The tips of mammalian digits can regenerate after amputation, like those of amphibians. It is unknown why this capacity is limited to the area associated with the nail. Here we show that nail stem cells (NSCs) reside in the proximal nail matrix and that the mechanisms governing NSC differentiation are coupled directly with their ability to orchestrate digit regeneration. Early nail progenitors undergo Wnt-dependent differentiation into the nail. After amputation, this Wnt activation is required for nail regeneration and also for attracting nerves that promote mesenchymal blastema growth, leading to the regeneration of the digit. Amputations proximal to the Wnt-active nail progenitors result in failure to regenerate the nail or digit. Nevertheless, β-catenin stabilization in the NSC region induced their regeneration. These results establish a link between NSC differentiation and digit regeneration, and suggest that NSCs may have the potential to contribute to the development of novel treatments for amputees.
Pirogow’s amputation at the ankle presents a valuable alternative to lower leg amputation for patients with the corresponding indications. Although this method offers numerous advantages for the patient, such as the ability to stay mobile without the use of a prosthesis, it is rarely performed (0.1% of all lower limb amputations). The results of the operations on 20 patients were objectified 12 months after the operation using a patient questionnaire (Ankle Score), and these results were then compared to those of 20 pa-tients who underwent lower leg amputation. Using a point system the criteria pain, functional and radiological assessment, difference in leg length, and mobility without prosthesis were recorded and evaluated. 65% of those questioned who were amputated following the Pirogow method indicated an excellent or very good result, in the control group 60% of those having undergone a lower leg amputation responded similarly, indicating an excellent or very good result.In 30% in the Pirogow group in contrast to 20% after lower leg amputation postoperative complications lead to a revision-operation. In patients suffering from diabetes or restricted perfusion of the lower extremity an amputation at the level of the ankle has to be considered critically keeping the necessity of a revision-operation in mind. However, if it can be carried out successfully, the benefits of Pirogow-amputation are found in the significantly reduced difference in leg length and the increase in mobility without prosthesis.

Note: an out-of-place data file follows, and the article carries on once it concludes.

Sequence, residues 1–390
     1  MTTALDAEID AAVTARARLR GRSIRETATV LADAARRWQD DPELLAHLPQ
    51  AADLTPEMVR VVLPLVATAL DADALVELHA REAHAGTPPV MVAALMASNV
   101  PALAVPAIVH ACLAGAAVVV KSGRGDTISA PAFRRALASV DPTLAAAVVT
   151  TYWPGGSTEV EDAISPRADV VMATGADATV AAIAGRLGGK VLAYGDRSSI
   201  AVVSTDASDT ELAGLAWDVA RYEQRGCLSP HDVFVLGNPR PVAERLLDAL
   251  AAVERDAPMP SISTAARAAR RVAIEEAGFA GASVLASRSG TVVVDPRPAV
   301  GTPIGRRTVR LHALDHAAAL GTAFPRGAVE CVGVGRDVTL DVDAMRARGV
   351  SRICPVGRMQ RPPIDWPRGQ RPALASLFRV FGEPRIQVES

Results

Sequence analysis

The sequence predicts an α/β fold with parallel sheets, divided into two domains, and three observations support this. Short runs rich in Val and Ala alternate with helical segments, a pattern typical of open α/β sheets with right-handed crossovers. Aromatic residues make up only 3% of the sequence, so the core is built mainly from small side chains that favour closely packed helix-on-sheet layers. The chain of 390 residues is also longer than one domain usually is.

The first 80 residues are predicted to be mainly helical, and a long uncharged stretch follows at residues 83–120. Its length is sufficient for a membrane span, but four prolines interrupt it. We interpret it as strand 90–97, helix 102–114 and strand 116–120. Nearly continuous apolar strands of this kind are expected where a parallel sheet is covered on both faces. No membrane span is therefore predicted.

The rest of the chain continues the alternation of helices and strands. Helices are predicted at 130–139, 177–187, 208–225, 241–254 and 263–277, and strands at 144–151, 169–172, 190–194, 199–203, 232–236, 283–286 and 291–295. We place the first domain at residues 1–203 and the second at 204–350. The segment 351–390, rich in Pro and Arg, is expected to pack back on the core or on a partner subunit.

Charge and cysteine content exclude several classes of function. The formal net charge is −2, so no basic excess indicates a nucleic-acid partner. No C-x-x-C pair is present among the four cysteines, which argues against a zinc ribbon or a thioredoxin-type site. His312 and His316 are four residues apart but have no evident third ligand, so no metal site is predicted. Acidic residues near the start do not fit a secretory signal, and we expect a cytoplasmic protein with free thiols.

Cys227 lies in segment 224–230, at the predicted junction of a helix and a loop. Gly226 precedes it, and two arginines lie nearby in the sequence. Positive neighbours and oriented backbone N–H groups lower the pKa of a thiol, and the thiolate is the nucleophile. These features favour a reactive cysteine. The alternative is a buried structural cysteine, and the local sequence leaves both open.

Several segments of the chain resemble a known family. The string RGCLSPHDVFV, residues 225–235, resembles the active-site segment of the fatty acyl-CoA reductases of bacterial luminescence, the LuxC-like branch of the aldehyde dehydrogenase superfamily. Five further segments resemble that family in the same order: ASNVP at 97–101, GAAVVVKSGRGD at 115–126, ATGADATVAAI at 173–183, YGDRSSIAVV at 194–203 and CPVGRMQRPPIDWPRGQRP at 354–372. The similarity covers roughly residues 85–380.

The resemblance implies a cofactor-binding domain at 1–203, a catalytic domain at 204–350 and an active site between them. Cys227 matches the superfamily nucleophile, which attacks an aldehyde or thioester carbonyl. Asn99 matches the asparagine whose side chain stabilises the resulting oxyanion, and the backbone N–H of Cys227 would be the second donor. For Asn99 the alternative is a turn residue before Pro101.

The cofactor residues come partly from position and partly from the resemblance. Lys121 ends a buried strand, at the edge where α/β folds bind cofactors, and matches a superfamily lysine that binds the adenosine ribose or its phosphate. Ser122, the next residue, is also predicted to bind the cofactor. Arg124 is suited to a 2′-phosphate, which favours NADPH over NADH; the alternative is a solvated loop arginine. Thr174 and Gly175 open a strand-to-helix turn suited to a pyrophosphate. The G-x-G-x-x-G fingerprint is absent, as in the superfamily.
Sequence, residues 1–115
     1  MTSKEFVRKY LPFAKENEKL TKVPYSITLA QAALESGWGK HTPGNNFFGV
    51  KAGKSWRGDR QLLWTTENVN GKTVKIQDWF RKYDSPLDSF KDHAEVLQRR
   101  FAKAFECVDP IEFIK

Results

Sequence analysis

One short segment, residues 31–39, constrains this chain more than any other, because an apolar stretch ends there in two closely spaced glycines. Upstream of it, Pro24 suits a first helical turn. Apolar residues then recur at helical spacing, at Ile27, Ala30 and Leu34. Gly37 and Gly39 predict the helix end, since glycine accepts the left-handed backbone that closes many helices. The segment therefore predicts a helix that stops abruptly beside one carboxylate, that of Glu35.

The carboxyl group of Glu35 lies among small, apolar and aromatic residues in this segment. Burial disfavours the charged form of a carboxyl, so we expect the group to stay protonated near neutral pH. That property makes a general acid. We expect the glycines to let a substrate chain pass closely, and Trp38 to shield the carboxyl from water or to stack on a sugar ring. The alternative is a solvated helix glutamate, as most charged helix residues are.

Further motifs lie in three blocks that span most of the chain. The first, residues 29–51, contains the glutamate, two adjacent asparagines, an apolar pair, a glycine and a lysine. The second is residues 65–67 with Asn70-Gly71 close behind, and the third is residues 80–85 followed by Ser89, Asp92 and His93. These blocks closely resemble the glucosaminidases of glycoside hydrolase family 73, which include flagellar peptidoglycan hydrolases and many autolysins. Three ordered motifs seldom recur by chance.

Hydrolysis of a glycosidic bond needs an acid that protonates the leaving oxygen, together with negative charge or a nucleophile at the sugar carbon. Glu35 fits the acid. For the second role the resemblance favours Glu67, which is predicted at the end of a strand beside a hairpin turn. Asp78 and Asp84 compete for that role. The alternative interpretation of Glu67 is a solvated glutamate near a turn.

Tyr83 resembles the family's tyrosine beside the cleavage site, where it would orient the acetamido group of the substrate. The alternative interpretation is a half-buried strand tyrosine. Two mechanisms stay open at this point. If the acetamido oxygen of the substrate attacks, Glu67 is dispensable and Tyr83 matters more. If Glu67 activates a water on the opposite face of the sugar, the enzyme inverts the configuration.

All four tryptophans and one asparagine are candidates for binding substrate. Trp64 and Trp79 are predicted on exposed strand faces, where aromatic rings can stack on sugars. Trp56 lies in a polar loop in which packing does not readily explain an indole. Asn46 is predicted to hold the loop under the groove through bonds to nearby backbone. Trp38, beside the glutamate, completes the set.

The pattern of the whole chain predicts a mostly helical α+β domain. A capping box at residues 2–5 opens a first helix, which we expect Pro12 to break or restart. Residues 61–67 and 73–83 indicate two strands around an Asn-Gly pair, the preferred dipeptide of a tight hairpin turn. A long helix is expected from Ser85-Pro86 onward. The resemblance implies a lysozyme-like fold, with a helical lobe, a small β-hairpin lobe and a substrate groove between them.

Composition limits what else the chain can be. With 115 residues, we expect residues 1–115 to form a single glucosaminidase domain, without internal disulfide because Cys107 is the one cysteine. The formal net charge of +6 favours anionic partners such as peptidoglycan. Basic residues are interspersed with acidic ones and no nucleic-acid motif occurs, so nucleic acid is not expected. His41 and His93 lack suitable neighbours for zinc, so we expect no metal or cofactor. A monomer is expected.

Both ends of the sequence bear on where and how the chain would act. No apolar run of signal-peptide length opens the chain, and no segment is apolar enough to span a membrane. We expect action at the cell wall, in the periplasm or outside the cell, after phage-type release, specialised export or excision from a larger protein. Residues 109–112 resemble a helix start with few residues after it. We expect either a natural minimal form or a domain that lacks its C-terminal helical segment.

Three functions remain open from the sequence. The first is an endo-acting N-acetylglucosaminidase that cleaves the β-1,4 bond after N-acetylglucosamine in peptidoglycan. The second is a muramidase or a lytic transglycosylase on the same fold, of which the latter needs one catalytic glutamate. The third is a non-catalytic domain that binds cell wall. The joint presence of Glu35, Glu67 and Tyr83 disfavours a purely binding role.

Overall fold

WHAT IS KNOWN AND OBJECTIVE: To the best of our knowledge, there has been no published study designed to identify the most appropriate duration of antibiotic therapy in lower extremity skin and skin structure infections in diabetic patients [aka “diabetic foot infections” (DFI)] post-amputation. However, recent guidelines published by the Infectious Diseases Society of America (IDSA) provide recommendations for treatment duration in these patients. Therefore, our objective is to review the literature evaluating antibiotic treatment in DFI to determine if the IDSA guidelines are reasonable. COMMENT: Evidence for the use of antibiotics after amputation comes largely from perioperative surgical prophylaxis studies evaluating the rate of infection after amputation. Three such studies were identified; 2 found a 5-day course of antibiotics post-amputation resulted in a reduction of infection rate, while 1 found no additional benefit. Comparative antibiotic studies in DFI also offers evidence for treatment duration, of which, 10 studies were identified. Five included patients who received amputations; however, only 1 reported treatment outcomes in a subset of diabetics requiring amputation. In this study, the authors concluded that antibiotic treatment is likely necessary after amputation. WHAT IS NEW AND CONCLUSION: Given the general lack of data, we recommend that post-operative treatment duration be individualized, and, until further studies are done, it seems reasonable to adhere to the recommendation provided by the 2012 IDSA DFI guidelines for a 2-5 day course of antibiotic therapy post-operatively when no residual infected tissue remains.